Sirens. I live on an established corridor for emergency vehicles. I fully expect my new street in the heart of the city to be quieter.
Taking my own recycling to the center. I worried about where to put my large recycle bins in the new place before realizing I wouldn’t need them. In the city you get weekly recycling pickup. Woo hoo!
And the most important thing I won’t miss… Isolation. I’ve had a few friends near me in the burbs, but I don’t see them a ton. And for the most part, no one who doesn’t live in Bartlett wants to drive out to Bartlett. Seeing friends usually means planning ahead and going into town. In my new place, I’ll be in the middle of everything. I can hang out spontaneously and without it being a huge deal. Friends will want to come over. I CAN’T WAIT.
Found: A Story of Questions, Grace, and Everyday Prayer by Micha Boyett (4.5 stars)
I’d never read Micha Boyett’s blog or poetry until I read this memoir, but she’s a kindred spirit. Having grown up planning to do Great Things For God, she now struggles deeply with whether her small life as a wife and mom is Enough. Inspired by the practices of Benedictine monks, she works on applying their philosophies to her everyday life and faith. At first I was a little wary that this might be a Mom Book I couldn’t relate to, but that was not the case at all. Boyett is a fantastic writer and her words will refresh your soul.
What Stands in a Storm: Three Days in the Worst Superstorm to Hit the South’s Tornado Alley by Kim Cross (3.5 stars)
I reviewed this here.
Does This Church Make Me Look Fat?: A Mennonite Finds Faith, Meets Mr. Right, and Solves Her Lady Problems by Rhoda Janzen (4 stars)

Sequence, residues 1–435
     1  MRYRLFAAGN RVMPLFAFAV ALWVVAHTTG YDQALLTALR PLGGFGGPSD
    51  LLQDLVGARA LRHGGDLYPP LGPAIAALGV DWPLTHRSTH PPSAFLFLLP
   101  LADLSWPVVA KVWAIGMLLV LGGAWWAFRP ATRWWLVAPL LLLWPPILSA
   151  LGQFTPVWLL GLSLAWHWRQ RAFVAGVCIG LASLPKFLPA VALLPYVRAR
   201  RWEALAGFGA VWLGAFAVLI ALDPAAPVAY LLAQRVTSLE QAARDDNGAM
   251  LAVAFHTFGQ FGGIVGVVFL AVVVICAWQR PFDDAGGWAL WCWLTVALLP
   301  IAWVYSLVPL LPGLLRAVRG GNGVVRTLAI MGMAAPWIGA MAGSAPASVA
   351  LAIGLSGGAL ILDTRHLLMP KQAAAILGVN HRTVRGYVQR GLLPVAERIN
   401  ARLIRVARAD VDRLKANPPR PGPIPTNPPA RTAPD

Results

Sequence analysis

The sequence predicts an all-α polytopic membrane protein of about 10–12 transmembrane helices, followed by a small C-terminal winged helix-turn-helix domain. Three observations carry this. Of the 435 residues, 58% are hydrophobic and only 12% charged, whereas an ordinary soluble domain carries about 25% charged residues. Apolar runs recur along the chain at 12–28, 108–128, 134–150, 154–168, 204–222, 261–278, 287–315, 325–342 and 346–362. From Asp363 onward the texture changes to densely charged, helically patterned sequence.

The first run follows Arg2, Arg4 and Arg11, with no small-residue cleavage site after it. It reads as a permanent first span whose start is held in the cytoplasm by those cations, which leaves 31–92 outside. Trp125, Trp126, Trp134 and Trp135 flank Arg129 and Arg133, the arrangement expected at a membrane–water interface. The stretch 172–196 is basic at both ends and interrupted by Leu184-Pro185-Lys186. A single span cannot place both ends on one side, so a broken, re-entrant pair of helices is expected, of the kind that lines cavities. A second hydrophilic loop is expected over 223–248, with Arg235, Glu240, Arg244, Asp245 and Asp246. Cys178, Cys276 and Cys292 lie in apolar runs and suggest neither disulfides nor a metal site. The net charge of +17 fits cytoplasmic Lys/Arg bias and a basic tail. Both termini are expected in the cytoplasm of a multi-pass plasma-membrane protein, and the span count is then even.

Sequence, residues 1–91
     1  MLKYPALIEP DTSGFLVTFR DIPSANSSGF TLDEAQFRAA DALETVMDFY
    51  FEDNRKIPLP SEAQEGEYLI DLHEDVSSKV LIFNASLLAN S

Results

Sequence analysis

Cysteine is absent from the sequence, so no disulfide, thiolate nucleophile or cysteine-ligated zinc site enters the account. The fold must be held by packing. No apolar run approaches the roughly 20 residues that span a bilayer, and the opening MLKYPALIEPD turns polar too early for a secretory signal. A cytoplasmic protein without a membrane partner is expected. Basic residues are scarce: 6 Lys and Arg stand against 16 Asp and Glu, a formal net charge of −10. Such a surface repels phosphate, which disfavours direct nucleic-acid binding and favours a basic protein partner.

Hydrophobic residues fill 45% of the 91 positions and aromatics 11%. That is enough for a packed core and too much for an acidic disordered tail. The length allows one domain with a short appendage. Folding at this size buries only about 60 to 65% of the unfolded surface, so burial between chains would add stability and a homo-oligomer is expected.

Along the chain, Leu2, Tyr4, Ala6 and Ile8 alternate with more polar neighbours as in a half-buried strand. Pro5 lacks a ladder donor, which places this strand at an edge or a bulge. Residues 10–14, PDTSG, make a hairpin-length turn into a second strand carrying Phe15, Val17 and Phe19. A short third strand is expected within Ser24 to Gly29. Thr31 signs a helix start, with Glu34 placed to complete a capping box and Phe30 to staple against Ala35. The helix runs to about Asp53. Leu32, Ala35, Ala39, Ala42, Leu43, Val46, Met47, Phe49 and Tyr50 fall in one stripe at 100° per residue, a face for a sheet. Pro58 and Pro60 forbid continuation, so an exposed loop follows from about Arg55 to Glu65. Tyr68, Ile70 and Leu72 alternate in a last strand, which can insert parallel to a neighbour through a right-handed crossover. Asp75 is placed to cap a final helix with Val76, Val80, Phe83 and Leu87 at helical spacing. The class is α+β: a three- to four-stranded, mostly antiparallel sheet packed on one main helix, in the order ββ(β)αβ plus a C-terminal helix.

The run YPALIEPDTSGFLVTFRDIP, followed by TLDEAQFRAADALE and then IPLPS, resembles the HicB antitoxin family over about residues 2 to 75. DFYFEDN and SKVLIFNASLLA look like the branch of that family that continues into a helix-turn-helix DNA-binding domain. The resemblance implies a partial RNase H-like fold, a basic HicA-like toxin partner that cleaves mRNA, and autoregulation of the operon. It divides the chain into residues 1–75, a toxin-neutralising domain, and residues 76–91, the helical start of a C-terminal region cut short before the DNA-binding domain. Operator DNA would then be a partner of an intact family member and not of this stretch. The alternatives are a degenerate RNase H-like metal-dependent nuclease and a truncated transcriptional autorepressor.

I haven’t read Janzen’s first memoir, Mennonite in a Little Black Dress, but I still tracked with this second installment. It’s exactly what the title indicates. Practical and intellectual by nurture and trade (she’s a professor), Janzen finds herself dating a Pentecostal man’s man and falling in love both with him and his church community. Their support becomes even more important when she finds out she has breast cancer. This is a weird thing to say, but I feel like she strikes the perfect attitude about having cancer – positive yet realistic. Overall I related to and was inspired by her guarded openness and willingness to experience new things.
I’ll Give You The Sun by Jandy Nelson (3 stars)
I’m still not sure what to make of this novel. It’s straight-up magical realism, so if you can’t suspend your disbelief and embrace the hippie woo-woo, you’re not going to like it. But it is a beautifully written story of twins, Noah and Jude, who’ve become estranged due to family tragedy and misunderstandings. Both are artists, and I loved all the stuff about art and the creative process.
Soul Keeping: Caring for the Most Important Part of You by John Ortberg (5 stars)
It took me almost a month to read Soul Keeping because it was so profound. John Ortberg expounds on the importance of the soul to every aspect of our existence. Much of the wisdom he shares comes from his longtime mentor, Dallas Willard, who died in 2013. I really needed this book and will revisit it in the future.
UnSweetined by Jodie Sweetin (3 stars)
As a member of the Full House generation, I couldn’t resist checking out this memoir by Stephanie Tanner herself, Jodie Sweetin. It wasn’t what I expected. She does share some fun gossip about the show, but her story centers on her nearly-lifelong cycle of drug and alcohol abuse. Having begun a demanding acting career at a very young age, Sweetin never felt like she got to be a kid or figure out who she really was. When she had her first drink in high school, it gave her the sense of confidence and identity she craved, and several long, destructive benders followed. But after two marriages and a few rounds of rehab, she’s now a mom and is determined to stay sober for her daughter. This book made me sad, both for her and for all those who struggle with severe addictions. It’s such a hard road to walk.
Books for March: 6
2015 year to date: 19